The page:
Sunday, November 28, 2004

Ukraine update

Two things, it seems, are driving the conflict over the disputed presidential election in Ukraine: One is an ethnic division between the more industrialized, Russian-speaking east and the more rural west. (Sort of like the so-called "red-blue" divide except even more intense and geographically focused; none of those purple maps there.) The other is that people seem to be, as I noted before, serious about their democracy and not willing to either fold or look for "healing" in the wake of fraud. (Unlike certain unnamed major parties here, which don't even seem enthusiastic about examining charges, much less taking to the streets over them.)

Tens of thousands continue to fill a tent city in Kiev. The opposition has demanded that President Leonid Kuchma fire Prime Minister Viktor Yanukovych, the purported winner over Viktor Yushchenko in the November 21 balloting, and threatened to block Kuchma's movements if he fails. The Parliament has passed resolutions calling the election invalid and declaring no confidence in the Central Elections Commission. Those resolutions are not legally binding but they are politically important.

Perhaps most significantly, the BBC reported on Friday that
[j]ournalists on Ukraine's state-owned channel - which had previously given unswerving support to Prime Minister Viktor Yanukovych - have joined the opposition, saying they have had enough of "telling the government's lies".

Journalists on another strongly pro-government TV station have also promised an end to the bias in their reporting. The turnaround in news coverage, after years of toeing the government line, is a big setback for Mr Yanukovych. ...

A correspondent on the state channel, UT1, announced live on the evening bulletin that the entire news team was going to join the protests in Independence Square. She said their message to the protesters was: "We are not lying anymore".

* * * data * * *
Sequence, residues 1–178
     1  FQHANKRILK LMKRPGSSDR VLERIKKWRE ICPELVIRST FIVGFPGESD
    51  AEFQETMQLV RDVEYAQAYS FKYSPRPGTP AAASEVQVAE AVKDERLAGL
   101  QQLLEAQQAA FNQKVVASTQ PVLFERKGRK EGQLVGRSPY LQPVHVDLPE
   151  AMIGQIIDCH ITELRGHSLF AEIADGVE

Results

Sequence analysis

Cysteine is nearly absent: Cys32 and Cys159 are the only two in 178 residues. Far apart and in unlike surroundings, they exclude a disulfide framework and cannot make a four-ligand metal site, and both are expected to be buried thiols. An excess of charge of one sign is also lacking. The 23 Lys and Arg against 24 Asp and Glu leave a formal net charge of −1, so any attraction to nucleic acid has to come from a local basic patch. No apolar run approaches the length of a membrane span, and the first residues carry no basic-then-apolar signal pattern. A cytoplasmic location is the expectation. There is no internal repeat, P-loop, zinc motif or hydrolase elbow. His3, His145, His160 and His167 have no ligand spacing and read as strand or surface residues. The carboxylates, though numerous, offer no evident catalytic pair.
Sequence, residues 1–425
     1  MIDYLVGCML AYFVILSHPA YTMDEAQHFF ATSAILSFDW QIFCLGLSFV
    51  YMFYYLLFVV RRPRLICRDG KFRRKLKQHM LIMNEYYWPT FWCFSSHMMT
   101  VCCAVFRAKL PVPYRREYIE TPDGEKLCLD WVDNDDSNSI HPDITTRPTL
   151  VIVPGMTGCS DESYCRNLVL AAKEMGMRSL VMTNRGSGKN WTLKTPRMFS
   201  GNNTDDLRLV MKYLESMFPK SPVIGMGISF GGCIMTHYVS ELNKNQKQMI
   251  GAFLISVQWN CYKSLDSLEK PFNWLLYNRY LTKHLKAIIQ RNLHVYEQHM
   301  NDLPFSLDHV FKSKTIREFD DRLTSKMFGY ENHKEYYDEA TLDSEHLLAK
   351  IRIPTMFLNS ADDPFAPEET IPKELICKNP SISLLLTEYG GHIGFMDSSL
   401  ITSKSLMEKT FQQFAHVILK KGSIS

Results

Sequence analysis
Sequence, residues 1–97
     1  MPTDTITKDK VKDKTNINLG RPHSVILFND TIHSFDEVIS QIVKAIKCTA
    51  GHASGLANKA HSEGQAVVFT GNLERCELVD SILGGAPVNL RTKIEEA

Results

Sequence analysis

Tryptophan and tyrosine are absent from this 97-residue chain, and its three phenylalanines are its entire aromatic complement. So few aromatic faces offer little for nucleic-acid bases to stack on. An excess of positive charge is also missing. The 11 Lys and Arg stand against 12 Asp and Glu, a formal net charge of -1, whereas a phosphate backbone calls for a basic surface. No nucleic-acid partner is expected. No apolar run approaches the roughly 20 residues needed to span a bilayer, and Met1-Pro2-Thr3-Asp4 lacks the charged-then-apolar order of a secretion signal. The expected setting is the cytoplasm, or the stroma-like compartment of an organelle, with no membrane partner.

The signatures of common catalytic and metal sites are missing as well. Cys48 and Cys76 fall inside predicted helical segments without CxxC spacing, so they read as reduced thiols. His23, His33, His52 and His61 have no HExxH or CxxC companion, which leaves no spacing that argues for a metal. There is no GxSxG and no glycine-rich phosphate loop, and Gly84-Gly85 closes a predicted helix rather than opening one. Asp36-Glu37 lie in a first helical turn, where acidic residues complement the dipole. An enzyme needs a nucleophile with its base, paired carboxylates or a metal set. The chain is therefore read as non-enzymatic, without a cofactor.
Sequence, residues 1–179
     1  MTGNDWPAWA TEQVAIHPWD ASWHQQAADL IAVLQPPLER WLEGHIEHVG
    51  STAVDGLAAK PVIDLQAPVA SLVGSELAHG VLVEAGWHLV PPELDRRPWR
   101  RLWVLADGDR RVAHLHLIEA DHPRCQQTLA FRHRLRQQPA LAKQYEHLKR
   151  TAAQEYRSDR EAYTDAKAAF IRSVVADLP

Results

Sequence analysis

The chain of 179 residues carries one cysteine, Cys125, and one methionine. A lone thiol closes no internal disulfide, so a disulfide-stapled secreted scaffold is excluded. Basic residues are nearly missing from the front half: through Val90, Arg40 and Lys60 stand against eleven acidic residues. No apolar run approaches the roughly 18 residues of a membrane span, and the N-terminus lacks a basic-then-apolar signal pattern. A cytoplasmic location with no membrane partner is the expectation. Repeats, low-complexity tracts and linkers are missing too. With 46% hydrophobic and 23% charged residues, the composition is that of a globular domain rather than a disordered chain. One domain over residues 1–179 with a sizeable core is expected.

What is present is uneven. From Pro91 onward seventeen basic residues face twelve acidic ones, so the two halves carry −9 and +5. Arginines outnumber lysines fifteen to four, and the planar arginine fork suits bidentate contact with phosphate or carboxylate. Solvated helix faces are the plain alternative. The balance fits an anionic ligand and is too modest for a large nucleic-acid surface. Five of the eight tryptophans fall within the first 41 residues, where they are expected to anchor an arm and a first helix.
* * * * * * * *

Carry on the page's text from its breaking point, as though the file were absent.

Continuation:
Now seriously, ask yourselves, really think about this: Can you think of one time, a single instance, just one time when a reporter or anchor on network TV news, some member of our so-called free press, said flat out "the government is lying to you?" Just once? I don't mean the fanatical right-wing asshole talking heads, I mean something that was supposed to be giving news, not opinion. Can you think of a single time? If so, please tell me about it. Because I don't know of one.

Yanukovych's forces are starting to hit back. The legislature of his native region, Donetsk, voted 164-1 to hold a Dec. 5 referendum on autonomy. Autonomy would require a change in the constitution, but raising the specter of increasing regional splits and on-going conflict if the election is overturned may be intended as a means to pressure the opposition to give in.

Meanwhile, Kuchma started dropping hints that he is considering what are usually euphemistically called "sterner measures."
Kuchma, who backed Yanukovych, criticized the blockades [of government offices] Sunday as a "gross violation of law" that "would be unacceptable in any nation." He made his comments during a meeting of his National Security Council, parts of which were broadcast live on Ukrainian television.

"Compromise is the only way to avoid unpredictable consequences," Kuchma said.
"Unpredictable consequences" has an ominous ring coming from him. Nonetheless, for the moment the protests will continue. The Supreme Court is expected to issue a ruling on the election on Monday. I don't think it will end the conflict no matter what it rules, but either side will use it as a club to beat the other. This is not over and I very much doubt it will be over after Monday.

Footnote: One amusing note is that, according to the Beeb's article,
[e]ven the sign-language presenter said that in an earlier bulletin, she had rejected the pro-government script and informed her viewers instead of the allegations of vote-rigging.
So the news reader is there, giving the government line, and there she is, signing away about charges of vote fraud. Must have been quite a thing to see for anyone who could hear but knows sign language.

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